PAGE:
Welcome, this is a new blog set up to discuss the use of Stata for conducting Bayesian statistical analyses. I have started it to coincide with the publication of my book entitled ‘Bayesian Analysis with Stata’, which will appear shortly.
This project started many years ago when I needed to integrate Stata with WinBUGS, a free program for fitting Bayesian models. My aim was to explore my data in Stata, fit models using WinBUGS and then return to Stata to summarize the results. To help with this, I wrote some ado files that enable the two programs to talk to one another and these were described in a Stata journal article (http://www.stata-journal.com/article.html?article=st0115). Subsequently, I developed and extended those ado files and the updated versions form the basis for the book.
WinBUGS has had an enormous impact on the use of Bayesian methods by providing a black-box tool that frees the user from the complexities of the MCMC algorithms that are the basis for modern Bayesian model fitting. The result is that WinBUGS has had both a beneficial and a harmful effect. Beneficial in that it has greatly increased the use of Bayesian methods by non-specialists, and harmful because there are now people who think that ‘I am going to run a Bayesian analysis’ and ‘I am going to use WinBUGS’ are two ways of saying the same thing. When WinBUGS crashes or takes days to run, I have known people try different ad hoc changes to the model or the priors until they can get an answer.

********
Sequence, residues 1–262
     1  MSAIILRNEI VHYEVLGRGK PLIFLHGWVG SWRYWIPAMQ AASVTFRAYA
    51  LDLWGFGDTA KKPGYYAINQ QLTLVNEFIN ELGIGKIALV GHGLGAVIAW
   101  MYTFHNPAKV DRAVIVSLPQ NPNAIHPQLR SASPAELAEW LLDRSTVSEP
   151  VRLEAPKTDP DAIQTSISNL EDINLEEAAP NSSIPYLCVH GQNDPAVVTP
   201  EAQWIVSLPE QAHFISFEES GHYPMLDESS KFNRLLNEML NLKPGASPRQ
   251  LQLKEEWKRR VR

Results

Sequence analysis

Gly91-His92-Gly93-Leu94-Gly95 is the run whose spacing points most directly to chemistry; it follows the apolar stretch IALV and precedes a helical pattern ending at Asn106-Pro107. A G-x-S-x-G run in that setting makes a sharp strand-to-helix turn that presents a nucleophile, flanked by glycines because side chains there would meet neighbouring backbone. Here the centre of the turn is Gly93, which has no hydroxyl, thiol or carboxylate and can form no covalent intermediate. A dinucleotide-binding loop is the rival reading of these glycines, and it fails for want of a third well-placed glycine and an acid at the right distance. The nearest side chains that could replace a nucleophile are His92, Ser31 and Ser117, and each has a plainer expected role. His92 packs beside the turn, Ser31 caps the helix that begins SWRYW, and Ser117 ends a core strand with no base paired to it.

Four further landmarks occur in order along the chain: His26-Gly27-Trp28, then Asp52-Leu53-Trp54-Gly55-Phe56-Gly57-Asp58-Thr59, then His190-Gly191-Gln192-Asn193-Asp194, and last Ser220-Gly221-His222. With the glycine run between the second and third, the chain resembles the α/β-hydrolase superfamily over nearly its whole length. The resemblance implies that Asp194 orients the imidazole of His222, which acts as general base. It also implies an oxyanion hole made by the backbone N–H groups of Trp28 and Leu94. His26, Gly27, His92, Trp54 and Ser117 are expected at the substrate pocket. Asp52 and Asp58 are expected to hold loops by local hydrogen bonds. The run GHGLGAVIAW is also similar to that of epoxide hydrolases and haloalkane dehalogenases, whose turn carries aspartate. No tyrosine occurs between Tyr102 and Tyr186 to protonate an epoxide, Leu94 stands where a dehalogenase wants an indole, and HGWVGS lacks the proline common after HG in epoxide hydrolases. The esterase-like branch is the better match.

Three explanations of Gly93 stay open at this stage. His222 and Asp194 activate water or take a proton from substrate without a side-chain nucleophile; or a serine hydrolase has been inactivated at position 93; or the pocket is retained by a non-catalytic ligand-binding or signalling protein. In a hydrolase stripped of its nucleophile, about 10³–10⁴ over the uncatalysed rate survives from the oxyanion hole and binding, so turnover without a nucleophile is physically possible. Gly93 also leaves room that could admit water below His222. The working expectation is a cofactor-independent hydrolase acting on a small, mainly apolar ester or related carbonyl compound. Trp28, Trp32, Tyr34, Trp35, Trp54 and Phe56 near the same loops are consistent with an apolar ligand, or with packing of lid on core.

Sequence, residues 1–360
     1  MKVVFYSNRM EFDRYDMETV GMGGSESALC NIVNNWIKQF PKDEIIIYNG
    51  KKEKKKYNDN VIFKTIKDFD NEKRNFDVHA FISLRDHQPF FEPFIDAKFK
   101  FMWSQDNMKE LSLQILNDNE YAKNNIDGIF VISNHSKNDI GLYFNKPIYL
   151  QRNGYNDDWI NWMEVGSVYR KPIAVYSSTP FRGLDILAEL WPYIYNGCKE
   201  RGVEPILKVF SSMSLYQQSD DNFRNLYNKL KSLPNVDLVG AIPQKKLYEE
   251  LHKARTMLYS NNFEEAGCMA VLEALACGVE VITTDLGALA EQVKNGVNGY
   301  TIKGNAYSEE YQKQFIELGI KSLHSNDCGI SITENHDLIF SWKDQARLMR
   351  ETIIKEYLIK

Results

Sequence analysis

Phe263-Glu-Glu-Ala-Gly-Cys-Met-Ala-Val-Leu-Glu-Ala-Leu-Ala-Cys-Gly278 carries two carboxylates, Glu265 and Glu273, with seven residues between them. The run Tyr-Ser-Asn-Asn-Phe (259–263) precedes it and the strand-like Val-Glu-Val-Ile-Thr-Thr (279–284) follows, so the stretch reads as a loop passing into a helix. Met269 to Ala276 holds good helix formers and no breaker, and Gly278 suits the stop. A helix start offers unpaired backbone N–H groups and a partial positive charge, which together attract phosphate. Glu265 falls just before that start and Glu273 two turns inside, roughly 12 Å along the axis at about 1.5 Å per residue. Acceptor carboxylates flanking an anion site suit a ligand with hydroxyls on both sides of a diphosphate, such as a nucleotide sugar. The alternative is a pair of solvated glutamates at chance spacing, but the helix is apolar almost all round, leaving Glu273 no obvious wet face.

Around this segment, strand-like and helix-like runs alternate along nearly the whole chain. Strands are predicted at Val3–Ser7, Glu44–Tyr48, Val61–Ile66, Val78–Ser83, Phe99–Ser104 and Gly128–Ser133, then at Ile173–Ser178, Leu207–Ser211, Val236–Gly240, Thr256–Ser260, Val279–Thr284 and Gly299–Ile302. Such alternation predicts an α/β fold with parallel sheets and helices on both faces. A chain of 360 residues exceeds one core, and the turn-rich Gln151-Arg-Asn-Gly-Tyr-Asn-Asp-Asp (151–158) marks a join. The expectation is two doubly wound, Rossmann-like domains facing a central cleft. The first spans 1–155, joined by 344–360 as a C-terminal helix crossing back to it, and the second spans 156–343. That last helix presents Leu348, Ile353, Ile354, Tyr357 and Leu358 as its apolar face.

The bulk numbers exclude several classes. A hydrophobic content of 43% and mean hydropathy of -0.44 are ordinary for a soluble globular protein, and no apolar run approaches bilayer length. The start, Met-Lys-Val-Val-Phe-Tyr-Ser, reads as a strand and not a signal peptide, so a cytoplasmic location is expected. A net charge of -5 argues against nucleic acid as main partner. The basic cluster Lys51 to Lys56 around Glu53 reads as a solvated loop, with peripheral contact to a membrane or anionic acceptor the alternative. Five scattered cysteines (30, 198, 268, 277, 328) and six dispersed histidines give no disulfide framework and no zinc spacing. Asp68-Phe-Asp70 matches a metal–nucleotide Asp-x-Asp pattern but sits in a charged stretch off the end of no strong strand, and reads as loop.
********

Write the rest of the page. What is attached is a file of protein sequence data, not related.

WinBUGS is a fantastic program, but because it is not the only option, I decided to add some chapters to the book to show that Bayesian analysis is possible in Stata without WinBUGS, provided that you have a basic grasp of MCMC algorithms. Such an understanding not only frees us from reliance on WinBUGS, but it helps us to understand what is going on inside the black-box and so enables us to make better use of WinBUGS.
When I wrote the book I had in mind a reader who is not a specialist in Bayesian methods but who has some real data that they need to analyse and a desire to discover whether Bayesian methods could help. Consequently, I have tried to explain the basis of the MCMC algorithms in a simple way.
I do not plan to use this blog to go over topics that are already dealt with in the book, but I hope, over the coming months, to discuss some of the issues and applications that space did not allow me to cover in the book. Since the aim of the book is to describe practical Bayesian data analysis in Stata for non-specialists, I will keep to the same approach in the blog and discuss the new issues by analysing real data and developing further applications.
The “Bayesian Analysis with Stata” book cover is used with the permission of StataCorp. Visit http://www.stata-press.com/books/bayesian-analysis-with-stata/ for information on the book.